Touch-ready notebook PCs will account for about 11% of all laptops shipped this year, an improvement over 2012 when customers had few choices if they wanted to smudge screens, a market research analyst said today.
But touch remains a tough sell, said Richard Shim of NPD DisplaySearch.
"Customers think, 'I shouldn't have to pay extra for touch, I get it free on my smartphone and tablet,'" said Shim of the premium prices that still dominate touch notebooks. "And there are really no apps that are forcing or encouraging consumers to adopt touch."
Manufacturers will ship nearly 20 million touch-based laptops in 2013, according to DisplaySearch's most recent forecast, published last week. Both shipments and penetration rates -- the latter the percentage of all notebooks that have touch capabilities -- will continue to climb through 2017, when DisplaySearch estimated touch notebook shipments at 64 million, or almost 40% of the total.
In the shorter term, however, the same barriers -- higher prices and lack of compelling apps -- will continue to block wide adoption. But the touch trend has improved in the past year.
"Last year, no one did a good job of promoting touch, but this year I saw tags on all the systems," said Shim of his Black Friday store checks last week. Nor were touch laptops evicted from the general computer section, as they often were at retail in 2012, but remained amongst more traditional laptops.
And in some cases, prices have dropped, especially for notebooks with smaller, 11.6-in. screens, and are more competitive with mouse-and-keyboard PCs. "Brands are starting to realize there's no reason to charge a premium if people won't buy them," Shim said, "so there has been some creep into these lower price bands."
But Shim rejected the idea that Microsoft's Windows 8 was the reason why people were buying touch notebooks. "Touch penetration on Windows 8 is still relatively modest," he said, referring to the fact that most users of the operating system still rely on mouse and keyboard.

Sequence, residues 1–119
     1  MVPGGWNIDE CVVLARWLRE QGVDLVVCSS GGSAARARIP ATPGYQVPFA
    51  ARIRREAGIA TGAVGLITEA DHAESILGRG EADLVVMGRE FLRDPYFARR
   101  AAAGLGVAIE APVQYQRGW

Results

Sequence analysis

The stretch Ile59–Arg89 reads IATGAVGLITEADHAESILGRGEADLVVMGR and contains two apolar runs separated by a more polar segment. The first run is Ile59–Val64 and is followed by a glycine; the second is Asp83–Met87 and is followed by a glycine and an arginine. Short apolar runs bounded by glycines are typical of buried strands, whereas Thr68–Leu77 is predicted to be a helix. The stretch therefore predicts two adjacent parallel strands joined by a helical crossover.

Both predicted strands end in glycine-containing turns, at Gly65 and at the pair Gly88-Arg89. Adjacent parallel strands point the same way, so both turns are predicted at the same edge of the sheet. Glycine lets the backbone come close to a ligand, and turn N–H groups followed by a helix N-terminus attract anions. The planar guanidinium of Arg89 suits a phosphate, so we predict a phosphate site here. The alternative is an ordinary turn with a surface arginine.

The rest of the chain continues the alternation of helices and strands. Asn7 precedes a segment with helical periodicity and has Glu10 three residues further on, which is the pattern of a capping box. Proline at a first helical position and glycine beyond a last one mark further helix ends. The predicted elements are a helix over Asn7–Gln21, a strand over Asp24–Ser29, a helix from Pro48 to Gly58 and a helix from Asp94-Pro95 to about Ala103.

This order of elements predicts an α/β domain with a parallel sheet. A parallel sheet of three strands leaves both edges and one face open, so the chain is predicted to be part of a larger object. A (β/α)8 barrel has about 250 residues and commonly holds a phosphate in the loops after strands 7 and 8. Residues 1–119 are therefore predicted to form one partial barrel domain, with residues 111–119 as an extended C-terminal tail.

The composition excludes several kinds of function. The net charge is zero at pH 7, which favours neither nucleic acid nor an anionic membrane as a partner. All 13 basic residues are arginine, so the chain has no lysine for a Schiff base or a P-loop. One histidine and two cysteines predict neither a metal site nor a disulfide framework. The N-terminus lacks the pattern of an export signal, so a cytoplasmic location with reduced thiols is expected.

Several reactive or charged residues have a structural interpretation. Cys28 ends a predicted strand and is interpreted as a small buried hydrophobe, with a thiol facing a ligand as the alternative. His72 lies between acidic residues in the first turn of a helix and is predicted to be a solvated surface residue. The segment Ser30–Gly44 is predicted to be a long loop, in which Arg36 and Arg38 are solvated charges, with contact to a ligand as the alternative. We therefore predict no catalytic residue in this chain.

Instead, he believed consumers' decisions were based on the form factors and device designs of touch notebooks, which are often unconventional and have style flourishes that blocky laptops lack. Most of the compelling touch PCs are not traditional clamshell-style systems but rather more tablet-like, dubbed "hybrids," "convertibles" and "sliders," where keyboards can be detached, pivoted or flipped out of the way.
In other words, customers buy touch notebooks in spite of Windows 8, not because of it.
Not that that matters much to Microsoft, which has been waiting for wider availability of touch notebooks since it launched Windows 8 in October 2012. The OS relies heavily on touch and although criticism was somewhat muted by the release of Windows 8.1, detractors continue to pan it on non-touch systems.
The variety of designs, in fact, can be attributed to Microsoft, which pushed its hardware partners to step up their game by launching the Surface line of keyboard-enabled tablets. Analysts have echoed the refrain since mid-2012 that OEMs were not up to the task of design and form innovation as the traditional PC waned.
"What Surface can accomplish is providing a sort of permission to other OEMs that it's okay to experiment with PC design," said Ross Rubin of Reticle Research, in October. "When Microsoft does it, it's a statement that it can work in the Windows ecosystem."
Gregg Keizer covers Microsoft, security issues, Apple, Web browsers and general technology breaking news for Computerworld. Follow Gregg on Twitter at @gkeizer, or subscribe to Gregg's RSS feed . His email address is firstname.lastname@example.org.